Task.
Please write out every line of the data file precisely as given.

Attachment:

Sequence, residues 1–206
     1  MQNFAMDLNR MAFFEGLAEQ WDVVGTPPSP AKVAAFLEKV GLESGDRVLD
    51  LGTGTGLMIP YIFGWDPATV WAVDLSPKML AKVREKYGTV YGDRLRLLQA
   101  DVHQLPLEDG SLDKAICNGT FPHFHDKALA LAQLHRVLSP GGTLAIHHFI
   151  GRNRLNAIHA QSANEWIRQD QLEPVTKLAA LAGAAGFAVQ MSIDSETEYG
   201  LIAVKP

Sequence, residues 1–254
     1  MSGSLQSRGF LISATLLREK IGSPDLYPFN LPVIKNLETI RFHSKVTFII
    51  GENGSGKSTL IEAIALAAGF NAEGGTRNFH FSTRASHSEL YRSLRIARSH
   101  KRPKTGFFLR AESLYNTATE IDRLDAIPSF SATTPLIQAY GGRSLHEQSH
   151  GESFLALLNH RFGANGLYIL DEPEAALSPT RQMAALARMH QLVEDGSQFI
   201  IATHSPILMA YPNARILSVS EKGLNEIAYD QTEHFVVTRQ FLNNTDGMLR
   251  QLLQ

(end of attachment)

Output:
Sequence, residues 1–206
     1  MQNFAMDLNR MAFFEGLAEQ WDVVGTPPSP AKVAAFLEKV GLESGDRVLD
    51  LGTGTGLMIP YIFGWDPATV WAVDLSPKML AKVREKYGTV YGDRLRLLQA
   101  DVHQLPLEDG SLDKAICNGT FPHFHDKALA LAQLHRVLSP GGTLAIHHFI
   151  GRNRLNAIHA QSANEWIRQD QLEPVTKLAA LAGAAGFAVQ MSIDSETEYG
   201  LIAVKP

Sequence, residues 1–254
     1  MSGSLQSRGF LISATLLREK IGSPDLYPFN LPVIKNLETI RFHSKVTFII
    51  GENGSGKSTL IEAIALAAGF NAEGGTRNFH FSTRASHSEL YRSLRIARSH
   101  KRPKTGFFLR AESLYNTATE IDRLDAIPSF SATTPLIQAY GGRSLHEQSH
   151  GESFLALLNH RFGANGLYIL DEPEAALSPT RQMAALARMH QLVEDGSQFI
   201  IATHSPILMA YPNARILSVS EKGLNEIAYD QTEHFVVTRQ FLNNTDGMLR
   251  QLLQ